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By David Balaban
Google’s Android OS is a true heavyweight in the world’s mobile ecosystem. It dominates the landscape of smart devices with a market share as high as 85% as of first quarter 2017.
Android OS owes a great deal of this market dominance to its extensive flexibility and openness. But Android OS also has a flip side: hackers can exploit it.
Because it is the most popular mobile platform, Android OS is also the most targeted operating system. During the past few years, there has been a substantial increase in cybercriminal attacks on Android smartphones using banking Trojans, spyware and ransomware.
Android Is Generally Seen as Less Secure than Apple’s iOS
Android is generally considered to be less secure than Apple’s iOS and with good reason. Apple is in full control of the hardware, software and firmware in its mobile devices. That makes it much harder for malicious code hidden in apps to make it into the official App Store.
Furthermore, Apple uses rigid encryption mechanisms to safeguard users’ communications. Although iOS is not completely invulnerable to viruses and privacy risks, it works much better than Android in terms of security.
Android Malware Attacks Are Increasing
There have been numerous recent outbreaks of high-profile Android infections. Most of them have been banking Trojans that stole millions of dollars from users’ accounts.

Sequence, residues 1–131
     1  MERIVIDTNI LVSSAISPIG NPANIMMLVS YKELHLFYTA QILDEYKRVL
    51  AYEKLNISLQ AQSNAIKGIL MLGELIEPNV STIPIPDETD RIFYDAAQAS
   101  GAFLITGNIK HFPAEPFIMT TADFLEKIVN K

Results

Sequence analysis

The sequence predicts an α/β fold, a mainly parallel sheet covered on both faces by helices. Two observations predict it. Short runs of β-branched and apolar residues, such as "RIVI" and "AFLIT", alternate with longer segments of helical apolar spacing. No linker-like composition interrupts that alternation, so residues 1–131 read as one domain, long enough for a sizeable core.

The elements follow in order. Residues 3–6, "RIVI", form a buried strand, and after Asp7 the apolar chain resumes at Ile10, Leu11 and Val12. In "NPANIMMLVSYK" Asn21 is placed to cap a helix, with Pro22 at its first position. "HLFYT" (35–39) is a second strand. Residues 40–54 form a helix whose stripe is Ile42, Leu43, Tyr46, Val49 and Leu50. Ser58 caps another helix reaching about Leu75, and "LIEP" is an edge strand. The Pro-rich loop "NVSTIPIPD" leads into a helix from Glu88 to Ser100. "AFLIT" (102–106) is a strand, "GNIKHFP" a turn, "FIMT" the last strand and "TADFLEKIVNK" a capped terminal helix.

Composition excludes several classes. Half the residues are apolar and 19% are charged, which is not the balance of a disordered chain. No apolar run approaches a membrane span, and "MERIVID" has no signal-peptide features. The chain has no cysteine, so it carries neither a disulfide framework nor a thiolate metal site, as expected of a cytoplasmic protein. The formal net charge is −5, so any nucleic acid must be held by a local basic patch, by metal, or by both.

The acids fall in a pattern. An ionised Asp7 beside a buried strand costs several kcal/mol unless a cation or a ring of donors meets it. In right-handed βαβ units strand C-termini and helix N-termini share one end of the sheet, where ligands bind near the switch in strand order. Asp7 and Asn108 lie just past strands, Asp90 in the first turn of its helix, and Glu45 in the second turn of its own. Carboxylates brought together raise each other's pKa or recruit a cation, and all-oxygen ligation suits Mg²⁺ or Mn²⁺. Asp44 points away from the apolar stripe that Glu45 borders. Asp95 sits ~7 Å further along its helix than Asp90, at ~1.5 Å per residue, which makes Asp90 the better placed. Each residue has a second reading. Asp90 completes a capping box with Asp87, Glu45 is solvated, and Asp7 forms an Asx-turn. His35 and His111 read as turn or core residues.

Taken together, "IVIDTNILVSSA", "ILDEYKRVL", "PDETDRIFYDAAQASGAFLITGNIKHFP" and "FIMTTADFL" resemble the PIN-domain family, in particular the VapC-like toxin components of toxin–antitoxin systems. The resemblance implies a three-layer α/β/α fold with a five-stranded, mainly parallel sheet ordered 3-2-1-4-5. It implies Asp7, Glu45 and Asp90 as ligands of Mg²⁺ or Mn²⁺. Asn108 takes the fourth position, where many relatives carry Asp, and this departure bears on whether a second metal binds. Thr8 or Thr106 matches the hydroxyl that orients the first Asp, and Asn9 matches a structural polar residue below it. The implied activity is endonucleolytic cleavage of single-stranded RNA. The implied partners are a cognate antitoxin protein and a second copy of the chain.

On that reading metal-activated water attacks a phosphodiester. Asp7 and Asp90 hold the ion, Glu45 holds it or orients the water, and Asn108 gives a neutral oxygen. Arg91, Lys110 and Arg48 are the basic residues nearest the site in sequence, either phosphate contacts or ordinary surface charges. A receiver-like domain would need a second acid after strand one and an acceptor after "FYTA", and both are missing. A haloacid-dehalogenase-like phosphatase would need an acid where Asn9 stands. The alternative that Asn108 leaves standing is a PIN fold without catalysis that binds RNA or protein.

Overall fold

One of the most prolific malware strains is Svpeng. Svpeng’s latest variant, Svpeng.ae, surfaced this past summer and turned out to be groundbreaking. Svpeng.ae exploits a device’s Accessibility Service to gain administrator privileges in mobile device software without asking for the victim’s consent. As a result, the hacker operates as a keylogger and intercepts all text the victim types, including login credentials for bank accounts.
Another example of Android banking malware is BankBot. It also abuses the Accessibility Service and features a clever mechanism of delayed payload execution, so that Google’s security barriers don’t flag BankBot as a threat.
In September, BankBot impersonated a harmless-looking app called Jewels Star Classic, which was downloadable from Google Play. But once inside a device, BankBot malware recorded everything the victim typed.
Android Ransomware Also Experienced Major Growth in 2017
Ransomware is a separate category of Android infections that has experienced substantial growth this year. A notorious specimen of ransomware called LeakerLocker locks the screen of an infected device with a ransom note. It then threatens to send the victim’s sensitive data to all of the victim’s contacts unless a ransom is paid.
Another more infamous ransomware strain is DoubleLocker, which takes that threat tactic a bit further. It denies access to an infected mobile device by modifying the PIN passcode and encrypting all of the user’s personal files. DoubleLocker demands 0.013 Bitcoin (about $150) in ransom to unlock the device and decrypt hostage data.
Reliable Android Security Software Adds an Extra Layer of Protection
Despite Google’s attempts to harden native Android security measures, new and successful malware strains surface all the time. That’s why it’s more important than ever to use a reliable Android anti-malware app.
They will add an extra layer of protection and significantly raise the bar against the infiltration of perpetrating malware code. Not all mainstream Android security solutions are worth their salt, however, so it makes sense to separate the wheat from the chaff.
AVL by Antiy Labs is a relatively new app that delivers top-notch protection for Android devices. While it cannot boast a background as solid as that of big players in the niche like Bitdefender or Avast, independent lab scores speak volumes about AVL’s efficiency.